The Classical Era was a time of greatness. Great empires rose to power, the likes of which the world had never seen before. In the west, Rome emerged as the dominant power. Originating in the Italian peninsula, the Roman Empire would eventually stretch from Britain to Mesopotamia and Egypt, a huge empire maintained through a vast network of roads. This empire was made of hundreds of different cultures. In the east, the Han dynasty ruled China, Vietnam, and northern Korea. Han China was united not only by government, but also by culture. Confucianism, a belief system focused on maintaining order, was extremely influential, as was another belief system called Daoism, to a lesser extent. During the Classical Age, the creation of powerful empires allowed for safer trade. Safer trade allowed huge amounts of cross-cultural interaction, trade and the sharing of ideas. But as other empires had done before, and as many did after, the empires of Rome and Han China fell. Rome and Han China had both similarities and differences. The most important similarity was plagues and diseases, and the most important difference was the destruction of culture.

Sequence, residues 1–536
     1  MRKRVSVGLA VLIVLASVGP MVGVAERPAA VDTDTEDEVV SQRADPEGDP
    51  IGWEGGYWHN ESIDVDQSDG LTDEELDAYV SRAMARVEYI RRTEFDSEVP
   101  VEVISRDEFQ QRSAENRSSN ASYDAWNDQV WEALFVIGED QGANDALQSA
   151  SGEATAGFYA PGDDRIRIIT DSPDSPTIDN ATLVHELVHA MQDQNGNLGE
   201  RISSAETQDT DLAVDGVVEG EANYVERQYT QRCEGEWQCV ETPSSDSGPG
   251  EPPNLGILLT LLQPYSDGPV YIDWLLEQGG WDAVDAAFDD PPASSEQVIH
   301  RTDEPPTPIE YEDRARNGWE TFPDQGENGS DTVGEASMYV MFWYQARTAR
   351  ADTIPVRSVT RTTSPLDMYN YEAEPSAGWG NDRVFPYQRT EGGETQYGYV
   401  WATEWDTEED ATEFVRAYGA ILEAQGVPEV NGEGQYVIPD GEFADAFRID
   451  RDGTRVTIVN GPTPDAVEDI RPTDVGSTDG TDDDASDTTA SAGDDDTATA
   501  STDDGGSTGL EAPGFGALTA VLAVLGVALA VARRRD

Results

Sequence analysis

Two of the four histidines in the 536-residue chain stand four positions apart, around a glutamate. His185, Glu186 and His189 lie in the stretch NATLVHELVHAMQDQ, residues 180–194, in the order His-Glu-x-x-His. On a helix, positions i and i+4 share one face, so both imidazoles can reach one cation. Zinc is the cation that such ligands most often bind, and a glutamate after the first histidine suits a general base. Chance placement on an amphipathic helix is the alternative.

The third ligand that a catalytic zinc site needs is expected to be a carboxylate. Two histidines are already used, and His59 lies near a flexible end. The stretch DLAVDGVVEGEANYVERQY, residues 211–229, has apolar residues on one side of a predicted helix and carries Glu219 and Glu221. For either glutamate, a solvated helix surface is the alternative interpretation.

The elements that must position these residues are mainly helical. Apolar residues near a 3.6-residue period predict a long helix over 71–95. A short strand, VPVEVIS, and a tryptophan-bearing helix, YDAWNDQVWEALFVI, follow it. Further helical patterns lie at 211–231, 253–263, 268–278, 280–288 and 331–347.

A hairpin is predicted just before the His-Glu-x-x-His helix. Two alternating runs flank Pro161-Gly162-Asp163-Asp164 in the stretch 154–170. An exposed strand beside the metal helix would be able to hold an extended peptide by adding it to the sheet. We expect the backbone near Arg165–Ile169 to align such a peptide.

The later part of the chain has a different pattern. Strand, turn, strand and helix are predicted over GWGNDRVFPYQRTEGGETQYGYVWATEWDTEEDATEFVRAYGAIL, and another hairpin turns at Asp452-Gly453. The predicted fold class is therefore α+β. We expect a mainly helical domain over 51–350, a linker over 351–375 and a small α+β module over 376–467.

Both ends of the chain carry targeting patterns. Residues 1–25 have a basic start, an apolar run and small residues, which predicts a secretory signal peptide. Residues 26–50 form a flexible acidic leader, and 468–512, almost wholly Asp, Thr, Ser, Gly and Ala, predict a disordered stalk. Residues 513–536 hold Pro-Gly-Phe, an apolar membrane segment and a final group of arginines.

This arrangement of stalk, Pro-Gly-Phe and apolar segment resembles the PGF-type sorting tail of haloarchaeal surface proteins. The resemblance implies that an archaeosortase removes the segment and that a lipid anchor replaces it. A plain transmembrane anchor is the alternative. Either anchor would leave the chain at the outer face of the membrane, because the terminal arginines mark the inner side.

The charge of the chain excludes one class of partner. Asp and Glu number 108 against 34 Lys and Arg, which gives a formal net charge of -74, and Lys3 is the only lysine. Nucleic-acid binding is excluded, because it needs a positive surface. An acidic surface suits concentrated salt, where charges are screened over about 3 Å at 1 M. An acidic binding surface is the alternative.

Han China and the Roman empire enjoyed great prosperity because of long-distance trade. Goods and ideas could travel farther than ever before, protected by these empires. However, when people move, they bring their germs with them. Since the trade networks were so vast, uniting places that might have never have had contact with each other, it was easy for diseases to travel. People didn’t have resistance to foreign diseases or medicine to counteract them, so epidemics were able to devastate entire populations. Sanitation in the Roman empire an...
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...sical Age is hailed as a time of great cross-cultural interaction, yet it also unintentionally brought deadly diseases to places that might have never encountered them otherwise, causing millions of deaths. People traded goods and beliefs along with bacteria. Revolutionary ideas spread like wildfire, but they also undermined the empires that maintained stability and prosperity. Christianity promised salvation, but helped bring down Rome, paving the way for the Dark Ages. In the Classical Age, the factors that bring powerful civilizations down are heavily entwined with the things that make them great.
Gill, N. S. "Reasons for the Fall of Rome." About.com Ancient / Classical History. N.p., n.d. Web. 26 Feb. 2014.
Bentley, Jerry H., and Herbert F. Ziegler. Traditions & Encounters: A Global Perspective on the past. Boston: McGraw Hill, 2000. Print.
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